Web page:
Issue 35: Camel Milk in Chocolate
Happy Monday to you all!
This week I have been exploring the world of camel milk. It all started with a recent trip via Dubai where I spent a few very jet lagged hours. After my attempts to find Butler’s Chocolate to try their hot chocolate failed (I was in the wrong Concourse), I ended up at Comptoir Libanais. They offer a very nice milk chocolate infused with cinnamon and tahini with halva sprinkled on top.
I was hoping to try a camel milk hot chocolate but it seems that all the restaurants in Dubai airport are from the UK (are the restaurants in UK airports all Middle Eastern?).
While walking through the airport it is impossible to miss Al nassma chocolate. Al nassma makes milk chocolate bars using camel milk. Founded in 2008, apparently they have 3,000 camels that they milk twice daily (I say apparently because they don’t really have a website, but there are quite a few articles on the web about them). Some of the milk is bottled and sold locally, some is freeze dried to be used in chocolate. There is 21% camel milk powder in their bars (in addition to sugar, cocoa butter, cocoa mass, honey and bourbon vanilla). Interesting although it says made in UAE, the information I found suggests that the milk is sent to Austria where it is turned into chocolate and then sent back to Dubai (and other countries) to be sold.
Camels in Australia
One thing that you may not realise is that there are actually more camels in Australia than there are in the Middle East. In the 1840s, thousands of camels were imported to Australia to assist with work in the outback where the conditions are dry and difficult. Those thousands are now over a million. We came across big groups of wild camels when we drove across the outback last year. They are feral here, but efforts to create a market for the meat and milk have largely failed. There is a very small industry for camel milk and we are lucky enough in Perth to be able to buy fresh camel milk from a farm just 2 hours away. Apparently camels will only let humans milk them if they feel relaxed and safe. Smart camels.
What does it taste like?
We did a taste test comparing our usual full fat milk with camel milk. The price is already a big difference ($15 for a litre of camel milk versus $5 for milk). For that reason alone I won’t be switching to camel milk anytime soon. The cows milk smells and tastes a lot sweeter. I had never realised how much sweetness is in cows milk until now. The camel milk on the other hand is much more watery and has a definite salty taste. It doesn’t have a particular flavour (apart from salty). It does taste very fresh, like it would be a great drink on a hot summer day (which I plan to try!). It has significantly less fat which changes the way it feels in the mouth too. It is also much whiter in colour than cow’s milk (see picture below), not that that means anything, just interesting to note.
A few details from the back of the containers:
Sugar: 3.2g per 100 camel. 4.4g per 100 cow
Fat: 2.5g per 100 camel of which 1.2 saturated. 3.6 per 100 of which 2.2 saturated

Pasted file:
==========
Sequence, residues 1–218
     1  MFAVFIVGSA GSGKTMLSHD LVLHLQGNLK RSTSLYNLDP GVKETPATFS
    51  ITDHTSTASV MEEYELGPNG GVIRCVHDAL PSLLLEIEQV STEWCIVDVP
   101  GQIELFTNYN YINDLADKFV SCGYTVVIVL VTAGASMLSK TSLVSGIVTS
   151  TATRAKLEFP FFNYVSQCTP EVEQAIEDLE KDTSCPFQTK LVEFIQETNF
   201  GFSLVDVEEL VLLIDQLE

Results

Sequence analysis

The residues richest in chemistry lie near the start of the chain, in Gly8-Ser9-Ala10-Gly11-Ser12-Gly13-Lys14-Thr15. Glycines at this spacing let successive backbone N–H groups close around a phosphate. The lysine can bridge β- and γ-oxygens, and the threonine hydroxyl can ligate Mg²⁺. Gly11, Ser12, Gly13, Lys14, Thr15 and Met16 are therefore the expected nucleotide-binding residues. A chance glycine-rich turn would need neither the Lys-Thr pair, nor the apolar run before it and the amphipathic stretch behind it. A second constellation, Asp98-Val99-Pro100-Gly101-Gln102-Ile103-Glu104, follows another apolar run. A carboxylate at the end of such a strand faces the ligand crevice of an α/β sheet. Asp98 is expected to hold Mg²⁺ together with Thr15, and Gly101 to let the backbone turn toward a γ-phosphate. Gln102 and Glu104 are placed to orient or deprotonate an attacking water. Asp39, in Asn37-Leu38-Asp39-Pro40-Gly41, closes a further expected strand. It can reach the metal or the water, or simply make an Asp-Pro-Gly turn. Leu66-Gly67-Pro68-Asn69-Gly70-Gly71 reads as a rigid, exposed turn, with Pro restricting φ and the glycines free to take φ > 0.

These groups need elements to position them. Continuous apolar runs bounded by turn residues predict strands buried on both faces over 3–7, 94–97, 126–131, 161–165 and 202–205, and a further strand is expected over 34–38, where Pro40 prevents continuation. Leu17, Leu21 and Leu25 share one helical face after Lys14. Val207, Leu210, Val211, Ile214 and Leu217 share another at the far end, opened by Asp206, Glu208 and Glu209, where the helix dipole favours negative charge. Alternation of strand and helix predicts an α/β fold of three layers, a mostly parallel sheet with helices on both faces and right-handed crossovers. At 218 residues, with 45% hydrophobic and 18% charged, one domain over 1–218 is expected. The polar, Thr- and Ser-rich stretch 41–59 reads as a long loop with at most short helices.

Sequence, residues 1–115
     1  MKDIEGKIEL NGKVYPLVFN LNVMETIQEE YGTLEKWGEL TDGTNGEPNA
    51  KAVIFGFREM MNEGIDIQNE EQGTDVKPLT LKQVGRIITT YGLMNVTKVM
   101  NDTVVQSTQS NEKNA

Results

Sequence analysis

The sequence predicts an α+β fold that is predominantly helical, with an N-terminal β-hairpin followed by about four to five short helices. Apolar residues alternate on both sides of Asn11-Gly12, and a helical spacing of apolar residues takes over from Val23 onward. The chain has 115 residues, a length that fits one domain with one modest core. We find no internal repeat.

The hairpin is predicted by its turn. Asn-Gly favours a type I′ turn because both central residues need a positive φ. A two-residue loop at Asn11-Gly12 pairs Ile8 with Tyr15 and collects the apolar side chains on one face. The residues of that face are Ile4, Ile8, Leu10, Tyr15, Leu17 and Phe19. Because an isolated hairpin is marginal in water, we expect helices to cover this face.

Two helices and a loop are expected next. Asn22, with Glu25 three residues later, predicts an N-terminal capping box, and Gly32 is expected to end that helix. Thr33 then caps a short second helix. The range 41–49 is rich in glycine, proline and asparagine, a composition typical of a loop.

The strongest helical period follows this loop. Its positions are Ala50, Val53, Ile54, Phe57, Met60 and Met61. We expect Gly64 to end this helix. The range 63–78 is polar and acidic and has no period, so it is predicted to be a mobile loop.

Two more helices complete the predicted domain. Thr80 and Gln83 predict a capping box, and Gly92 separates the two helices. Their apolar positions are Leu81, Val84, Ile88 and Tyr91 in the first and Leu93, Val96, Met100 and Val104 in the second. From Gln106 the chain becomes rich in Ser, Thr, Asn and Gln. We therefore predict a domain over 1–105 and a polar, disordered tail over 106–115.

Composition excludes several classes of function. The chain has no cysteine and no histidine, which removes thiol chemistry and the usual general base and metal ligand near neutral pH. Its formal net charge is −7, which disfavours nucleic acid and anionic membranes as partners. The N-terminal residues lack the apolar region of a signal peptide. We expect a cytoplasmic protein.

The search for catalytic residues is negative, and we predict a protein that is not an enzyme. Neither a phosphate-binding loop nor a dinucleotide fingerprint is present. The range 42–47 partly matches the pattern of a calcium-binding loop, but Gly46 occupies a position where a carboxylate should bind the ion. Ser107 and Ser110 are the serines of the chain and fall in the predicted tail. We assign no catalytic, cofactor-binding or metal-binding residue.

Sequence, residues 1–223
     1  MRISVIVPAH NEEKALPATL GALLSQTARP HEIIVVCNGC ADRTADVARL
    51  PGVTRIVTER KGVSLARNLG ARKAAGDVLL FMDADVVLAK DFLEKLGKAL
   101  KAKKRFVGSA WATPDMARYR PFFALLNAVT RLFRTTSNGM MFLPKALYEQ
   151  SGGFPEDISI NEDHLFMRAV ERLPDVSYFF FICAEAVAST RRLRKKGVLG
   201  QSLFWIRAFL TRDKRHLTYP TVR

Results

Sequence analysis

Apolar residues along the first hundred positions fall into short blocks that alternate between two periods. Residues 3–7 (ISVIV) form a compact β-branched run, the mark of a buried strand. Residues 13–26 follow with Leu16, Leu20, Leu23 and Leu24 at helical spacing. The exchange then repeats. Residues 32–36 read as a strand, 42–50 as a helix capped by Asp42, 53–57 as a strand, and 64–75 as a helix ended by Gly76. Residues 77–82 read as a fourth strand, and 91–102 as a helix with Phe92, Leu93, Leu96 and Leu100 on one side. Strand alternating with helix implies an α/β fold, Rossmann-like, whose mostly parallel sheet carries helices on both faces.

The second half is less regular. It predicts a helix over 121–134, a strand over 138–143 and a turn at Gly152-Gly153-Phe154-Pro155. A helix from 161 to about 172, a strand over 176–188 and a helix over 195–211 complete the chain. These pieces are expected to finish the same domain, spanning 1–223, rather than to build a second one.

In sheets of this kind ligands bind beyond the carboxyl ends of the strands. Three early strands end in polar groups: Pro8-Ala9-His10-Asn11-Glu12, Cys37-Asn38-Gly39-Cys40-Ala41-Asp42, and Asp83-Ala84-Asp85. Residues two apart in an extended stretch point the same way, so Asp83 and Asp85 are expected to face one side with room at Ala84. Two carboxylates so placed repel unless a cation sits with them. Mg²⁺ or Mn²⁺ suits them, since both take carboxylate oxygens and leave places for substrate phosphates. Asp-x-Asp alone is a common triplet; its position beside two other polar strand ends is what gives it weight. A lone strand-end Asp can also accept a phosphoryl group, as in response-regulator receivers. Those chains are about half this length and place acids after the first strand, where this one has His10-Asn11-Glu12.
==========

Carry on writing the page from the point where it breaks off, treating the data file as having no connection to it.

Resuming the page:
Sodium: 90mg per 100ml camel, 40g per 100ml cow
Potassium: 220mg in camel but nothing in cow
Calcium: 130mg in camel vs 120mg in cow
Energy: 210 kilojewls per 100ml, 271 in cows milk
Protein: 3.6g per 100 for camel and 3.3g for cow
Camel milk is rich in calcium, magnesium, zinc, iron and contains three times more vitamin C. It also has less saturated fats than milk. Camels produce much less milk than cows, 6 litres per day vs 24 litres per day for a cow. It also contains less lactose. Similar to chocolate, if you search for health benefits of camel milk you come up with all sorts of impressive but not necessarily scientifically backed claims that it cures everything from autism, to diabetes, even cancer.
I made a few hot chocolates using the camel milk and the dark chocolate worked best for me. A bit of salt actually brings chocolate to life so the saltiness of the camel milk was a nice addition. I did find it needed a bit more chocolate than I would usually use in a cow’s milk hot chocolate to balance the saltiness.
I did a search looking for other chocolate makers or even chocolates using camel milk in their offerings, but I didn’t find much. QCamel makes chocolates using camel milk that they farm here in Australia. Mission Chocolate in Brazil also had a limited edition Camel Milk Bar to celebrate the Arabs who make up Brazilian culture. She used powdered camel milk from Dubai.
Has anyone else tried camel milk chocolate or tried to use camel milk in their chocolates? I’d love to hear about it.
THIS WEEK’S HOT CHOCOLATE NEWS
Chocolate Monkey has a new series on how to be a better taster on Instagram.
My favourite hot chocolate festival is on right now in Vancouver:145 flavours in 95 locations. Chez Christophe Chocolatierie for example offers a Canadian Winter with a Kick Hot Chocolate with 41% milk chocolate with cayenne, chilli powder, cinnamon, maple syrup paired with a small, spicy bacon pull-apart. If that doesn’t interest you, they also have a butter beer 34% white chocolate infused with butterscotch and butter flavoured popcorn milk with a mystery lollipop on the side.
Industry funded study of the week: ultra-processed foods are ok, really
After five years, recipe to end deforestation from cocoa remains elusive
Callebaut has recently launched 2nd Generation Chocolate (which looks like what craft chocolate is doing, and the way chocolate has been made most of its history so I’m not sure what is 2nd generation about it, but still good that Callebaut is engaging).
If you are in Austria, visit Zotter Chocolate and read this article to find out why
The usual pre Valentine Day chocolate articles are starting early. This one from the Guardian on whether ethical and affordable chocolate is possible.
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Thanks for reading and have a great week!